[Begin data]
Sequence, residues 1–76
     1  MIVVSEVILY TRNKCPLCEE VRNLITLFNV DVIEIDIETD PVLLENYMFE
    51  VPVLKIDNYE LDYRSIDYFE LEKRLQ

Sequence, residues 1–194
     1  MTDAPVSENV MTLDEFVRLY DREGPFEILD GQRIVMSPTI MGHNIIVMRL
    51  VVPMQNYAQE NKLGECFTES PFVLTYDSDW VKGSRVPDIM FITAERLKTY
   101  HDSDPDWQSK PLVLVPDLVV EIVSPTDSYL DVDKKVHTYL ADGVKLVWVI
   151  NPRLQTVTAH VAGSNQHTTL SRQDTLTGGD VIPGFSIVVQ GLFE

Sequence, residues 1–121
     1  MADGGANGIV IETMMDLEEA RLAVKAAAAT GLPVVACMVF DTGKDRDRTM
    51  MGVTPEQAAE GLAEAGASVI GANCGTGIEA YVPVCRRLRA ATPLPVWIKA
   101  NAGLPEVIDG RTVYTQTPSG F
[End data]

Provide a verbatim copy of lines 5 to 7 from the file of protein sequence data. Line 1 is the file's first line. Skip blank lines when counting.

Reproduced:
     1  MTDAPVSENV MTLDEFVRLY DREGPFEILD GQRIVMSPTI MGHNIIVMRL
    51  VVPMQNYAQE NKLGECFTES PFVLTYDSDW VKGSRVPDIM FITAERLKTY
   101  HDSDPDWQSK PLVLVPDLVV EIVSPTDSYL DVDKKVHTYL ADGVKLVWVI